Looking At Halloween From The Bible’s Perspective
“And have no fellowship with the unfruitful works of darkness, but rather reprove them. For it is a shame even to speak of those things which are done of them in secret.” Ephesians 5:11,12 (KJV)
The Bible says that the Christian is called to liberty, that we are under grace and not under the Law. New life in Jesus Christ has given us freedom to live as we choose to live. But with that freedom comes the awesome responsibility of living our lives in such a way that we are prepared for the Judgment Seat of Christ. Good choices, Godly choices made here on earth will reap crowns in Heaven. But using that same liberty as an occasion for our own selfish desires results in the loss of those crowns. Choose you this day whom ye shall serve, the Bible says. God allows us to make the choices.
All through the Bible we read about Satan, the Devil, whose only goal in life is to trip us up, cause us misery and sorrow. The Bible says that he only comes to seek his victims, kill his victims, and destroy as many lives of the saved and unsaved as possible. He is a constant force luring us astray, and never-ending downward pull to the dark side, and he uses any means possible to complete the mission.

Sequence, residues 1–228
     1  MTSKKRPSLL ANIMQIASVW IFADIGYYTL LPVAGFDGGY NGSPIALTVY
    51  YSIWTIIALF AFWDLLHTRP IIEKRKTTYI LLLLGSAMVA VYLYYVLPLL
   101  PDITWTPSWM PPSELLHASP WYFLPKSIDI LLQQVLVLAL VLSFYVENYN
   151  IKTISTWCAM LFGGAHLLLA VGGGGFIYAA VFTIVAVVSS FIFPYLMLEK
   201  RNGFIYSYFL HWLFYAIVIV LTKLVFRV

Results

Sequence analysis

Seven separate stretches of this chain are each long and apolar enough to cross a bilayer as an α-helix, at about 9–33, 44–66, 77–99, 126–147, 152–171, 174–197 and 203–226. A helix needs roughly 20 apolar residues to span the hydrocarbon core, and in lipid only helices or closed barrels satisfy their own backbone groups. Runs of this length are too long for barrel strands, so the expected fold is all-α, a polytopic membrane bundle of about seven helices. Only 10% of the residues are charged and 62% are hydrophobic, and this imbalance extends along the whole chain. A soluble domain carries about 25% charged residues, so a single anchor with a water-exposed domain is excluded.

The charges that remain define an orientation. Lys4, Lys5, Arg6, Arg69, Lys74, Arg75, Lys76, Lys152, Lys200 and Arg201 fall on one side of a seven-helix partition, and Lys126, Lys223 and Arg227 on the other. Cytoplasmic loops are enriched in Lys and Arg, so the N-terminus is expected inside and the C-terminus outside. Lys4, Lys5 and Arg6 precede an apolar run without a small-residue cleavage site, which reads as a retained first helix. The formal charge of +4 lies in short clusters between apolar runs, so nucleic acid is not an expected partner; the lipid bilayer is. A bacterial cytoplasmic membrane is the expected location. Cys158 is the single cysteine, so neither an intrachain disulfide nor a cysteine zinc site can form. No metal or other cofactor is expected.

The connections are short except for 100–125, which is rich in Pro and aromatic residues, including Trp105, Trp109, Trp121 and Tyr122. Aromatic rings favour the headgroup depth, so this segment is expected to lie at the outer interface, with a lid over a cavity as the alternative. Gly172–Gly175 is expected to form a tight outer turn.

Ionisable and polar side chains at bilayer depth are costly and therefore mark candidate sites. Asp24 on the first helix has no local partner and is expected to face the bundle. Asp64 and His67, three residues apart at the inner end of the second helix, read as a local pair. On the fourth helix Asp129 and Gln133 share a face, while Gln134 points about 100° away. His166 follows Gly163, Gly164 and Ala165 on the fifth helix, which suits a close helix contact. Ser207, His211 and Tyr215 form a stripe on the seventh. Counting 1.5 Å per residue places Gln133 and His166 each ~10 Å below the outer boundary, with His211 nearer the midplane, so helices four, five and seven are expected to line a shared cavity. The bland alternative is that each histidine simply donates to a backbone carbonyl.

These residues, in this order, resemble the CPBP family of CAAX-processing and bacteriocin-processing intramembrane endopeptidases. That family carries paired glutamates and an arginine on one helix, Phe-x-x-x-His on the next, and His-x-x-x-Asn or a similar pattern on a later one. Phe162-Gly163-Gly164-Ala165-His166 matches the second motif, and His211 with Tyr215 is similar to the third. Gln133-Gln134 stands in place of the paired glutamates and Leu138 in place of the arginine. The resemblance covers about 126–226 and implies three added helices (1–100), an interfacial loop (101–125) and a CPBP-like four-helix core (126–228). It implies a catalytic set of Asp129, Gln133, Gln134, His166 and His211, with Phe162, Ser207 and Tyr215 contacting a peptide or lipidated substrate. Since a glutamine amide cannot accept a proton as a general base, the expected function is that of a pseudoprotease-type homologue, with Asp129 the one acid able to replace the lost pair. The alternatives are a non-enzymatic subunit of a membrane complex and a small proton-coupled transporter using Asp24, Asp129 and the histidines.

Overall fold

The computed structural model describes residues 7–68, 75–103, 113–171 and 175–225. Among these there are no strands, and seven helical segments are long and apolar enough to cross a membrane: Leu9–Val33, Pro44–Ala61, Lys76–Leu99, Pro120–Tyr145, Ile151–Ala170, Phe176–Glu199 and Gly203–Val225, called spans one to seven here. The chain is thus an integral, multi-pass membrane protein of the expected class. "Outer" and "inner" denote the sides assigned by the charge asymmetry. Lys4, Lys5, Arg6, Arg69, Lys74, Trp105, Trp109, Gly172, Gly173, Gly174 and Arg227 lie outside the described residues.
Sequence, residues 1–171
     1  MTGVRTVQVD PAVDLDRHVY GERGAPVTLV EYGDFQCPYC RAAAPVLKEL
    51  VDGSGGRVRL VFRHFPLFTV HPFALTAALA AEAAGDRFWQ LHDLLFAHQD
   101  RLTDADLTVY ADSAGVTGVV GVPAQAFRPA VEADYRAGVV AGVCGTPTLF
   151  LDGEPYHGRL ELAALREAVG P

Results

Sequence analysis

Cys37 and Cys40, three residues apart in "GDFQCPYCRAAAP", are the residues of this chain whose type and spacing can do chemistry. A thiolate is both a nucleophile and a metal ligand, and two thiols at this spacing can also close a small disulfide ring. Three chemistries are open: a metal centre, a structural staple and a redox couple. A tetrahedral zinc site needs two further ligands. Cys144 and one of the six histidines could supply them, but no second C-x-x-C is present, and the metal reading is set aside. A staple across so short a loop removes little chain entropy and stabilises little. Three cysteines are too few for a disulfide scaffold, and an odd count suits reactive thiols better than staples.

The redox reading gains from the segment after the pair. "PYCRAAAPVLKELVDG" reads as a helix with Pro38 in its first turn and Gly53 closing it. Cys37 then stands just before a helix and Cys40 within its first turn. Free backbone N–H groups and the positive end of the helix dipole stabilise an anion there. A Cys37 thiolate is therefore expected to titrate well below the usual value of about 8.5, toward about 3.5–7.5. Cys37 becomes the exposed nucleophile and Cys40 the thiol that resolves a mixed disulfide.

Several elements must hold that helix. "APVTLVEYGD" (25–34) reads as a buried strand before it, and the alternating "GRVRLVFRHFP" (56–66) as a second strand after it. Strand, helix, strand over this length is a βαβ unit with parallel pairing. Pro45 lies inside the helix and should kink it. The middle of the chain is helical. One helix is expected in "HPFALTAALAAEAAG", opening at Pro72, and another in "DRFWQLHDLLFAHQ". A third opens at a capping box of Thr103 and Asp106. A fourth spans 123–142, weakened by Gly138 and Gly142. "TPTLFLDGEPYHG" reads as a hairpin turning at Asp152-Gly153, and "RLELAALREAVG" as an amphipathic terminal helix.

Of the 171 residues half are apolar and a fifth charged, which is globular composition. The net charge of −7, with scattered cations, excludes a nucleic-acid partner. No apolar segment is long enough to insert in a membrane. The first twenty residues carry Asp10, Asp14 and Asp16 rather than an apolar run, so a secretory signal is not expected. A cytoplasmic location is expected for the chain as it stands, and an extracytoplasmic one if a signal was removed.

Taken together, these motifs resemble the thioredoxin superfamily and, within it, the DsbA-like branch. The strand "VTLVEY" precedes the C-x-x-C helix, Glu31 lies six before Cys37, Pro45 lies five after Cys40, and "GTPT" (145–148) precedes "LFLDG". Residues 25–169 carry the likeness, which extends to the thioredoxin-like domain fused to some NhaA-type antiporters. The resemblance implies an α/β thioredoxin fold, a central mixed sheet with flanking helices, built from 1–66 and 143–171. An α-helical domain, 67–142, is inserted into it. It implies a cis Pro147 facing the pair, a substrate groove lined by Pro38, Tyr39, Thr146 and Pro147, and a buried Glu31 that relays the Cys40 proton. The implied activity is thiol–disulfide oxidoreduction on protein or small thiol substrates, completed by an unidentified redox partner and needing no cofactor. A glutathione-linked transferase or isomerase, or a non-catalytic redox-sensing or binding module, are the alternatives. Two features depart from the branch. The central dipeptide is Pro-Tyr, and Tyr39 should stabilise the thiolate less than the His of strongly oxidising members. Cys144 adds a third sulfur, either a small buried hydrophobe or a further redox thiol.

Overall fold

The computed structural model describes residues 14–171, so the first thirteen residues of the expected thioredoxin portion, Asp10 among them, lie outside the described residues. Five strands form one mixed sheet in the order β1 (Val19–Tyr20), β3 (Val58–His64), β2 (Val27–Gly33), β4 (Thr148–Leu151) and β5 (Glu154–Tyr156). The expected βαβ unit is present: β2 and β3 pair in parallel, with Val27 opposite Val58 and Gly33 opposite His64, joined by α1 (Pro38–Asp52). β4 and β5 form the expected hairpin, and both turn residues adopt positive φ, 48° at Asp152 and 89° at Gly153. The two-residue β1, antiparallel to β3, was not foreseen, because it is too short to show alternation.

Halloween in America in 2015 is one the most-celebrated “holidays” all year, and Christians participate in it nearly as much as any other group of people. Parents dress their little darlings in princess and cowboy costumes, knock on doors for candy, and decorate the inside and outside of their houses with festive jack-o-lanterns, hanging ghosts, adorable witches and warlocks. But where did this day originate? Let’s take a look.
Many Christians celebrate holidays, such as Halloween, without thinking about their origins or true meaning. It is impossible to separate Halloween from the Druids because they originated the “holiday.” For several hundred years before Christ, the Celts inhabited what is now France, Germany, England, Scotland and Ireland. Celtic priests were called Druids. These people were eventually conquered by the Romans. Information about the Celts and Druids comes from Caesar and the Roman historians, Greek writings from about 200 B.C., and very early records found in Ireland. Greek and Roman writings about the Druids dwell heavily on their frequent and barbaric human sacrifices. The ancient Irish texts say little about human sacrifices, but detail the Druids’ use of magic to raise storms, lay curses on places, kill by the use of spells, and create magical obstacles.
The cute jack-o-lanterns on your front porch were first used by the Druids in their human sacrifices. After they killed their victim, they drained the fat from their body and filled the gourd or pumpkin with it and put a candle wick inside. A sinister face was carved on the outside face of the pumpkin and the wick was lit, burning the fat as fuel. This was done to appease their gods, the dark spirits, Satan.
October 31st was celebrated by the Druids with many human sacrifices and a festival honoring their sun god and Samhain, the lord of the dead. They believed that the sinful souls of those who died during the year were in a place of torment, and would be released only if Samhain was pleased with their sacrifices.